Spotify is planning an IPO for fall of this year, according to Quartz, which heard from a source “with the process” who believes banks will make pitches to handle the stock offering in April or May.
The move was expected: The company had previously advertised for an “External Reporting Specialist” who would be required to “prepare the company for SEC filing standards. Set up all reports necessary to be SEC compliant.”
It also took on a $US200 million credit facility from its banks, another common move for companies preparing to go public.
A filing will give us the first detailed look at its finances. Previous estimates from observers and disclosures from the company itself have indicated that the company is likely unprofitable on gross revenues of around $US720 million a year, presumably in 2013. That number would be up from revenues of more than the $US602 million generated in 2012, according to Reuters. It had a net loss of $US81.62 million (€58.7 million) that year.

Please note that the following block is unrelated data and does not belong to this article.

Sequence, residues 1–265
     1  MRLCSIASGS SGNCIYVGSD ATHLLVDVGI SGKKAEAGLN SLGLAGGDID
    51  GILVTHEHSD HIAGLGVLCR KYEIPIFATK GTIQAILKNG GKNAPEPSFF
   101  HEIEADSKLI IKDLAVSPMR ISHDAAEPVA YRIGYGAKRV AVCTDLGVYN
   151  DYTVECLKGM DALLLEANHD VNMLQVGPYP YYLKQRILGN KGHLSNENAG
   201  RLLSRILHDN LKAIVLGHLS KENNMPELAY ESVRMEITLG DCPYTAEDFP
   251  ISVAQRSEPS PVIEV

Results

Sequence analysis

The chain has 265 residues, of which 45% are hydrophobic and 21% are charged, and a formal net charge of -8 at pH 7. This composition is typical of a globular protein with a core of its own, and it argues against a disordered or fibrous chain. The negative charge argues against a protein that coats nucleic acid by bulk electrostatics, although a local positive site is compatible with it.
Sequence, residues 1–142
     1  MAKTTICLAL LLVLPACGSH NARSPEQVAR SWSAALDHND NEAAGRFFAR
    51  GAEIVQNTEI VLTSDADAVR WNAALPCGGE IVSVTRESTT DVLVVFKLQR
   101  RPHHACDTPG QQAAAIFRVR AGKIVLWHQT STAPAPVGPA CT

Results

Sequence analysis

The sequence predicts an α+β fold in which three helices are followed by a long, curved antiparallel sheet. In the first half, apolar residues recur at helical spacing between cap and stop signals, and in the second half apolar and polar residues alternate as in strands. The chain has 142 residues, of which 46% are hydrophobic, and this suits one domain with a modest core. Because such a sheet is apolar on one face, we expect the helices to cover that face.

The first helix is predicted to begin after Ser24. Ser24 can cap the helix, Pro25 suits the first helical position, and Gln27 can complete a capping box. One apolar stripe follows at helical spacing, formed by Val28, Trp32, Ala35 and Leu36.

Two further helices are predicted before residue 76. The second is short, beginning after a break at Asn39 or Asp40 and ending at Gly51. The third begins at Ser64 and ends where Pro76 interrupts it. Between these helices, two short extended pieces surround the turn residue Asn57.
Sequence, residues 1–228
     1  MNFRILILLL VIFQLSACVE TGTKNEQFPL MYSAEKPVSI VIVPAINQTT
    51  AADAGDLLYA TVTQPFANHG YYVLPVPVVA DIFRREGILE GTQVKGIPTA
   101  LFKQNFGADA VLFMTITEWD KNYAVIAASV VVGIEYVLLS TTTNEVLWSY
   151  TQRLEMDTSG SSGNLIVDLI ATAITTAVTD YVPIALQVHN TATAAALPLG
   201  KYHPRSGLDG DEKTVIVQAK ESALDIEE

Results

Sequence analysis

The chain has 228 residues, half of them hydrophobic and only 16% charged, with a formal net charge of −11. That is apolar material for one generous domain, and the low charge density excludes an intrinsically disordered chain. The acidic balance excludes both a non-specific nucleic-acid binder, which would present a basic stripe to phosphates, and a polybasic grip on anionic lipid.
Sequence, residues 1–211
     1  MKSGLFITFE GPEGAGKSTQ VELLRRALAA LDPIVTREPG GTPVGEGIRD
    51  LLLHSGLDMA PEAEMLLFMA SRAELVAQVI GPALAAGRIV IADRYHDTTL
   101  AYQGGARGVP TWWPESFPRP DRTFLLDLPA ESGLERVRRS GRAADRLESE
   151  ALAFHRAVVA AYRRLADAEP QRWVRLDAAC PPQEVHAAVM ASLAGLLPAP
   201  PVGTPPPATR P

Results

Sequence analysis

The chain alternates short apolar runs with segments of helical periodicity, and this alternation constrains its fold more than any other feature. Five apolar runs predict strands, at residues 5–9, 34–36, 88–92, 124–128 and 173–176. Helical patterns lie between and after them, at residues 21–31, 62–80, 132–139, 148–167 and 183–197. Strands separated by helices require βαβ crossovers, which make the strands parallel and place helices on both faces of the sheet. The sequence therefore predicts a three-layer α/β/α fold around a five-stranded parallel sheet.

Spotify is valued at $US7-8 billion, Reuters said, and it has raised $US538 million from investors.
Competition in the music streaming business has become more intense of late. The field has long been dominated by Pandora, which has about $US638 million in annual revenues. Pandora has been so successful it has stolen music revenues from Apple’s iTunes, which itself recently got into the music streaming business with iTunes Radio — an app that’s almost a direct copy of Pandora.
Spotify also recently acquired The Echo nest, a music intelligence service that predicts what type of music you’d like to listen to next.
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